Trump Signs Immigration Proclamation to Limit Asylum Claims

By Shani Saxon Nov 09, 2018

Donald Trump signed a presidential proclamation this morning (November 9) that seeks to deny asylum to migrants who enter the country illegally. Instead, government officials hope to “funnel asylum seekers toward ports of entry,” Politico reports. 

The new regulations go into effect starting Saturday (November 10) and are expected to last for three months, or until “the United States reaches an agreement with Mexico allowing it to turn back asylum-seekers who had traveled through Mexico,” according to Reuters. However, there is currently no indication that Mexico is even considering making an agreement along those lines.

Although Trump’s latest power move will undoubtedly face legal challenges, his administration made the decision to circumvent current U.S. law that states that anyone is eligible for asylum no matter how or where they enter the country. The Washington Post reports Trump’s team believes crossing the border at official points of entry will promote “speedy rulings.” 

However, ports of entry are plagued by long lines and extreme waits, forcing some migrants to turn around. While addressing reporters on Friday before flying off to Paris, Trump said, “We need people in our country, but they have to come in legally and they have to have merit.”

The big question is, what will happen to people who are denied asylum under the new proclamation? Trump officials say those people may still be eligible for some forms of protection, although they would be “subject to a tougher threshold,” The Post reports. For example, “withholding of removal” is similar to asylum, but doesn’t allow migrants the opportunity to obtain a green card or to bring family members. They might also be eligible for protection under the United Nations Convention Against Torture.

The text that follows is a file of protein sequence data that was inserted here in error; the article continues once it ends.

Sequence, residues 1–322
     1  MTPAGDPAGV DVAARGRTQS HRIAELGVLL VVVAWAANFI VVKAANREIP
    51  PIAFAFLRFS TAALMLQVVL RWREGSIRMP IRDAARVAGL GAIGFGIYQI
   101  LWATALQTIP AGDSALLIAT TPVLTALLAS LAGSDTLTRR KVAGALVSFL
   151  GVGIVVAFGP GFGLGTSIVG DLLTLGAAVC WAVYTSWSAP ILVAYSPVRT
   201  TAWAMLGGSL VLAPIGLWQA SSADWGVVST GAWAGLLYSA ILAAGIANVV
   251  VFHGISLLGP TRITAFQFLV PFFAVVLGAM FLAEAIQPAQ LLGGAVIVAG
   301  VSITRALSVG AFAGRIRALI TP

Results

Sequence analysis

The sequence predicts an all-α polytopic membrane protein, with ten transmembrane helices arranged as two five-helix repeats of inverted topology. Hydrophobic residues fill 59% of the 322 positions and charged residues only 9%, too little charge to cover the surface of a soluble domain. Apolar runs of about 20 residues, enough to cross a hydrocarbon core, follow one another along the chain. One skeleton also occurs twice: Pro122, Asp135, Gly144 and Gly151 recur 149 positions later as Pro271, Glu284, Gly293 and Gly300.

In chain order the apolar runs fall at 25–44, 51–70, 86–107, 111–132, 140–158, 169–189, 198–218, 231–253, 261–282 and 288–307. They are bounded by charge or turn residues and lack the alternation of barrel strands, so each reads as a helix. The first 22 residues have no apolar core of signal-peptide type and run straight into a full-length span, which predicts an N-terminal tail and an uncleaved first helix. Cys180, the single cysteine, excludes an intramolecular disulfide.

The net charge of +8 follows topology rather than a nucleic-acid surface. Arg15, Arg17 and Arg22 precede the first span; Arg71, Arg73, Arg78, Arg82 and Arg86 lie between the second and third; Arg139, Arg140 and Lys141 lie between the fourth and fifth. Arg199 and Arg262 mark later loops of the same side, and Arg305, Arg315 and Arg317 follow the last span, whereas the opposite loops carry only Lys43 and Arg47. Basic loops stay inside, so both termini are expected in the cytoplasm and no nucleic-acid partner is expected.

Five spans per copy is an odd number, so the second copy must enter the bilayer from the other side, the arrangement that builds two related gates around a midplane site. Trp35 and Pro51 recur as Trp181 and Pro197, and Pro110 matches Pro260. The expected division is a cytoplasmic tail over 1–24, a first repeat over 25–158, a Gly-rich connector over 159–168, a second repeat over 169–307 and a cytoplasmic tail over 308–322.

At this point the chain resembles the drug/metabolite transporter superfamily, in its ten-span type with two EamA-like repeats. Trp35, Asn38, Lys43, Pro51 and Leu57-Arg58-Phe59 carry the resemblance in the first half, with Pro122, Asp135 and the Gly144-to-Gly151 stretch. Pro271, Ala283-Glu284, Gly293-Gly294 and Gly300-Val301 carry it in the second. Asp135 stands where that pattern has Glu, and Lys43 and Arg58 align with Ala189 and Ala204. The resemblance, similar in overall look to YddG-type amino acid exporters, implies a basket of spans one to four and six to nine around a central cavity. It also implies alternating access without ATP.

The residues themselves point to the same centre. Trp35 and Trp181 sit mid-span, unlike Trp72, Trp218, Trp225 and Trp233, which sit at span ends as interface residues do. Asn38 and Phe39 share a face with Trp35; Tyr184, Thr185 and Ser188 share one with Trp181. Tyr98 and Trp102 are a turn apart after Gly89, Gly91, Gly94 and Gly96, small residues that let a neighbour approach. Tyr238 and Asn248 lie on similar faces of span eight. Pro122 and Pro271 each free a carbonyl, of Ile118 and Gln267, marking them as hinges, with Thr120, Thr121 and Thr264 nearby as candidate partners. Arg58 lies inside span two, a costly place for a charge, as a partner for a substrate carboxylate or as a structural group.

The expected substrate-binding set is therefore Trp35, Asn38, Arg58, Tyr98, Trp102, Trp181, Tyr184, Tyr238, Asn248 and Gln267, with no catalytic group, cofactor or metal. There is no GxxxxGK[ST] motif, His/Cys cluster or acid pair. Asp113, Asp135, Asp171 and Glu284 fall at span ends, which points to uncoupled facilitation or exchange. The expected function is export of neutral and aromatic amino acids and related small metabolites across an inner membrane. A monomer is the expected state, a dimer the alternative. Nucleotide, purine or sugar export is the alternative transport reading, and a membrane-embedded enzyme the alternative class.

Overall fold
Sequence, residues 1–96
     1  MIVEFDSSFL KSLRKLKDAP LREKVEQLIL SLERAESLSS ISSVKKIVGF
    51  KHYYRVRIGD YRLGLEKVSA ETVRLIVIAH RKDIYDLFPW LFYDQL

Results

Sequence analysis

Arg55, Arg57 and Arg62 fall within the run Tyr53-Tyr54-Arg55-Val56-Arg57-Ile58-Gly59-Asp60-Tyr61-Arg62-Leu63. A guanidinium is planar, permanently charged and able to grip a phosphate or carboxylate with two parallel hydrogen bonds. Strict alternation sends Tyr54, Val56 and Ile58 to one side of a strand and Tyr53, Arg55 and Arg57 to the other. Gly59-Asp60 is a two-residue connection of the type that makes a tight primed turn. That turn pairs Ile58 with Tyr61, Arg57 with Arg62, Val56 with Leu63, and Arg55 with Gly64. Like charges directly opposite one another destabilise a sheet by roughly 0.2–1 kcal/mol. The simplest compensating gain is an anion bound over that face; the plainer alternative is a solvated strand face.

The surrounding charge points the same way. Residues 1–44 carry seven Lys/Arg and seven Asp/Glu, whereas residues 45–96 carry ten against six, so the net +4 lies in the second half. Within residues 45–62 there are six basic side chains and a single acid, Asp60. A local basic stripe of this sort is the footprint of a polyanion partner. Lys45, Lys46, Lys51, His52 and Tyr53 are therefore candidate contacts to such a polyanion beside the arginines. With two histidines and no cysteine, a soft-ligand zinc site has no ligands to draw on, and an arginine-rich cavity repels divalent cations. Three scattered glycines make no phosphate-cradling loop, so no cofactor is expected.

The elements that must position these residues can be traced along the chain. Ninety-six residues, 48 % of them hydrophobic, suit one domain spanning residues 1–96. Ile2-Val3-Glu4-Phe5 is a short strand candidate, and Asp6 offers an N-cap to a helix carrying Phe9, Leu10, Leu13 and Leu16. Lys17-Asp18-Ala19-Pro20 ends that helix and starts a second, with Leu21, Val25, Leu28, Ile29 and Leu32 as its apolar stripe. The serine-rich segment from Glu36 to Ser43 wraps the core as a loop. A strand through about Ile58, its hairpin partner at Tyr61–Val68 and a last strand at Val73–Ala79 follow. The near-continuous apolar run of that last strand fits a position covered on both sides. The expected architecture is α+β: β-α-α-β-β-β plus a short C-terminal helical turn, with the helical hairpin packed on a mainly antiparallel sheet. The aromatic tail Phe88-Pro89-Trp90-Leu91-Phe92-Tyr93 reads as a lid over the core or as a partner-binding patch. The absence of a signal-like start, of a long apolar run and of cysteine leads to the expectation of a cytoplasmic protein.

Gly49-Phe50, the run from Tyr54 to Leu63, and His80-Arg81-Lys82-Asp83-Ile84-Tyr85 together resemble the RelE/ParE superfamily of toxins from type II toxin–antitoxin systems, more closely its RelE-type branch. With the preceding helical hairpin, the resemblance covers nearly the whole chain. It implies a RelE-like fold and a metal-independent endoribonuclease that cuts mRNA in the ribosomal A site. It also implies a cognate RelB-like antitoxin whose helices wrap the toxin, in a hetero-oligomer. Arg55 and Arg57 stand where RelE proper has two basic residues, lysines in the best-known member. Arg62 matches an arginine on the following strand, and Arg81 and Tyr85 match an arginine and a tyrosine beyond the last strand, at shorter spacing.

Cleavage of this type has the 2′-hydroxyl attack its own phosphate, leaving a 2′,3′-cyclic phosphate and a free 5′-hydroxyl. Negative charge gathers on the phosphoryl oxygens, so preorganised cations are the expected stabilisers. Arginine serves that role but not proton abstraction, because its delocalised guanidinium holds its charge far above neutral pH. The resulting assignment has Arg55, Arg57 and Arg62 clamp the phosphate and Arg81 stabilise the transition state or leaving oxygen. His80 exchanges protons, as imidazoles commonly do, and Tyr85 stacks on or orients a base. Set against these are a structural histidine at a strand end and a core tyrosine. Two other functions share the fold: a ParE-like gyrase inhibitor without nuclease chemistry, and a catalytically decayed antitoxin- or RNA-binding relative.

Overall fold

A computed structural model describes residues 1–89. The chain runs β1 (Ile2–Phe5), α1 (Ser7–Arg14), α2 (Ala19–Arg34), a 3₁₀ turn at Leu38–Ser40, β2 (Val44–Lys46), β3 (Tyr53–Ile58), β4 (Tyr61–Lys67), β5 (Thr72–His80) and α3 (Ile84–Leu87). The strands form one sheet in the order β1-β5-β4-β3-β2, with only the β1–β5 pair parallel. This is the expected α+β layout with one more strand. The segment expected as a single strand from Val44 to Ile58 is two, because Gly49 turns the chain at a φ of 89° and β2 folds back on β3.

News of the asylum proclamation comes a day after the Trump administration lost a legal battle against the Deferred Action for Childhood Arrivals (DACA) program. A federal appeals court in California ruled Thursday (November 8) the government must continue to protect hundreds of thousands Dreamers, or people who were brought to the United States illegally as children. Trump says he plans to appeal the decision, according to Reuters

“The DACA will now hopefully go to the Supreme Court where it will be given a fair decision,” the president said.